Apadmi’s Matt Hunt takes part in a Guardian Business Network live panel

How can we use technology to make us more efficient? It’s a question that we ask ourselves all the time, and one that the Guardian sought to answer by holding an expert panel discussion on the topic last week.

Matt Hunt, Apadmi’s Business Development Manager, was a panel member and participated in a live discussion which allowed users to ask the panel questions about business efficiency, leading to a wide-ranging and interesting discussion. The panel was made up of:

  • Matt Hunt, Business Development Manager, Apadmi
  • Tim Stone, VP Marketing, KPMG
  • Benjamin Dyer, Co-founder, Powered Now
  • Michael Richards, Chairman, Web Expenses
  • Phil Robinson, CEO, IRIS Software
  • Sian Evans, SME customer engagement manager, E.ON

Here are a few of our highlights:

“If you have a small budget but you wanted your staff to invest in one product that would help their at work efficiency, what would you suggest?”

“For me,” replied Matt, “it depends on the type of work they’re doing. If it’s input heavy then tablets and laptops should be the focus. I have a Mac Book Air and iPhone (although an Android phone would work just as well) and I use this set up in the office and when travelling. A tablet doesn’t work for me all the time, however I’ve seen many cases where they are the only tool for the job.”

“It very much depends on the situation,” agreed Michael Richards, maybe it’s a whiteboard. It’s important to not make the mistake of thinking that technology will solve the issue of poor business practices.”

“I wonder if you think we should all be going paperless to increase efficiency. Will pens and paper still have a place in the office of the future or should I stop buying so much stationery?”

“The key,” argued Michael Richards, “is being able to reliably share info rather than the medium. The problem with pen/paper is the sharing bit.”

Matt agreed: “The big change I’ve  seen in the last few years is a focus on whiteboard, post it notes and photo capture from your smartphone. I take a photo of most of my whiteboard sessions and then annotate/collaborate later using Evernote/Google Drive so everything stays electronic.”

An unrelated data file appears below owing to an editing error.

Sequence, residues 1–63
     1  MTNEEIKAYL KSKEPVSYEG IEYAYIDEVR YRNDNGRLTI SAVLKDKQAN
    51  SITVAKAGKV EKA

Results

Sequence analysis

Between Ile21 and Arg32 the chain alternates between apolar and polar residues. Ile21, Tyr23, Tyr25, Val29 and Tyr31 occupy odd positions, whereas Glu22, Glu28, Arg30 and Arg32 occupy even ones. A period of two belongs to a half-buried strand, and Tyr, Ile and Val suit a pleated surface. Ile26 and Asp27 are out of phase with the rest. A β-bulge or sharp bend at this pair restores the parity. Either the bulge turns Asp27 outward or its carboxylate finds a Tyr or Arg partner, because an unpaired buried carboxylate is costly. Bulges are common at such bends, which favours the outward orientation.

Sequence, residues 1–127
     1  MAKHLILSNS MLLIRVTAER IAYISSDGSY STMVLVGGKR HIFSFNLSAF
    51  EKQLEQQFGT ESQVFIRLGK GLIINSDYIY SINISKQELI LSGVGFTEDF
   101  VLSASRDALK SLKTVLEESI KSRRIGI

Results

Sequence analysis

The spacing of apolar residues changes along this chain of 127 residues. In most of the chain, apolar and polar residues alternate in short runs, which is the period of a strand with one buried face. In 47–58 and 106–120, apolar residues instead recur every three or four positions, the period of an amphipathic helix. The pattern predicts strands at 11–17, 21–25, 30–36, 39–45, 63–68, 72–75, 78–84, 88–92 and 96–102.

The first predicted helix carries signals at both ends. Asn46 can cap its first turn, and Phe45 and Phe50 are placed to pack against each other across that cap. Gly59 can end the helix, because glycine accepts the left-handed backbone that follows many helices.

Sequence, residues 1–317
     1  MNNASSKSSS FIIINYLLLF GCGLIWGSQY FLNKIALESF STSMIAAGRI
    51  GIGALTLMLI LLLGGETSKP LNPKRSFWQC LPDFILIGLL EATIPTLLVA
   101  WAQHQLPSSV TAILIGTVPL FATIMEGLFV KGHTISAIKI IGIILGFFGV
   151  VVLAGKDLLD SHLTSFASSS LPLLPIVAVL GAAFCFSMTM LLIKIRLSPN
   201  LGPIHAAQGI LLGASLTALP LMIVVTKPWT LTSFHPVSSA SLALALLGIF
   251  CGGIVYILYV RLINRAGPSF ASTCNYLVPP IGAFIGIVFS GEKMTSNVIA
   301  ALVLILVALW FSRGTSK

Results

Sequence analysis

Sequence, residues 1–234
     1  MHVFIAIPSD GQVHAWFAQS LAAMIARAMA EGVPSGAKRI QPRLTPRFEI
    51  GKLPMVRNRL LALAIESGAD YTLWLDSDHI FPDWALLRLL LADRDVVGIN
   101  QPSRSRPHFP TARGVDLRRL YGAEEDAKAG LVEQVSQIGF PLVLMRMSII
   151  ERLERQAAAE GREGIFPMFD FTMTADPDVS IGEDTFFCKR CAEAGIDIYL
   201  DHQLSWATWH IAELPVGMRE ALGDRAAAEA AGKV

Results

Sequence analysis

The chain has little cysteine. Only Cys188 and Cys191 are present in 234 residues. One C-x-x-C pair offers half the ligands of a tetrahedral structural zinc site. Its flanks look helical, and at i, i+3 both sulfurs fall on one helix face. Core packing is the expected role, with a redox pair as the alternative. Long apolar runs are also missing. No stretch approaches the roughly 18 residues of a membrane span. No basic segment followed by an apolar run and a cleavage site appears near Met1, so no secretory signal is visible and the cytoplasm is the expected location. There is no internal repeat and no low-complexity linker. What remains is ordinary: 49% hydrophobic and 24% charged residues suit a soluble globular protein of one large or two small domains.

“How would you recommend that I go about choosing the right technology to suit my business and staff? I want to ensure that I’m making the most of technology across all areas of the company.”

“Start small; focus on one key problem area and identify your desired outcomes” Matt advised. “Look at how others may have solved the same problem and see if this approach works for your business. Once you’ve identified the approach look to see if there are any other areas of the business that can benefit from the chosen approach.”

“Ask your staff,” Benjamin Dyer added, “they would have probably come across something in their past that they’ve used and liked (or hated!)”

“Do you have an example of something that really shouldn’t be automated/something you shouldn’t use technology for?”

Matt’s answer: human interaction. “The best results for me,” he said,” occur when people are collaborating face to face. For me the overuse of everyday tools such as email and IM is still a barrier that needs to be worked on”

“Important communication,” agreed Michael Richards, “We mustn’t forget the value of face to face.”

The Guardian live panel therefore provoked interesting and useful discussion about the role of technology in the work place. It’s fantastic for improving productivity, everyone agreed, but, as Matt pointed out, never let it replace human interaction and collaboration.